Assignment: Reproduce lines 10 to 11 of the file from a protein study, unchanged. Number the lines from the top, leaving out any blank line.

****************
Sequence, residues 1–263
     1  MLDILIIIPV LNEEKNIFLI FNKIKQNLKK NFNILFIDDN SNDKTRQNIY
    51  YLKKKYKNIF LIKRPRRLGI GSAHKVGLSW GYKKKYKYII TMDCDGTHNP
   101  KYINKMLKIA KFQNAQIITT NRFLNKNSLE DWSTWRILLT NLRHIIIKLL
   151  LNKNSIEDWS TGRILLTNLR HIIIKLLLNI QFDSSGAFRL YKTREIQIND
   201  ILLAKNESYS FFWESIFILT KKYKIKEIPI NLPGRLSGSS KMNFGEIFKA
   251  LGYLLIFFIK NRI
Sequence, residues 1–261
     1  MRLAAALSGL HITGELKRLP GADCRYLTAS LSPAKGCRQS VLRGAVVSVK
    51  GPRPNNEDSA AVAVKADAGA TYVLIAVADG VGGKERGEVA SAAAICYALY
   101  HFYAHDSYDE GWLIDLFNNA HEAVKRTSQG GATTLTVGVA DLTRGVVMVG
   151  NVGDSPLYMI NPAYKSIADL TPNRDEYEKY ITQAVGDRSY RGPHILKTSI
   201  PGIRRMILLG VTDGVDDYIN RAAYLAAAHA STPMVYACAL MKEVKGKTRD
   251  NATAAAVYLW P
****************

    51  GPRPNNEDSA AVAVKADAGA TYVLIAVADG VGGKERGEVA SAAAICYALY
   101  HFYAHDSYDE GWLIDLFNNA HEAVKRTSQG GATTLTVGVA DLTRGVVMVG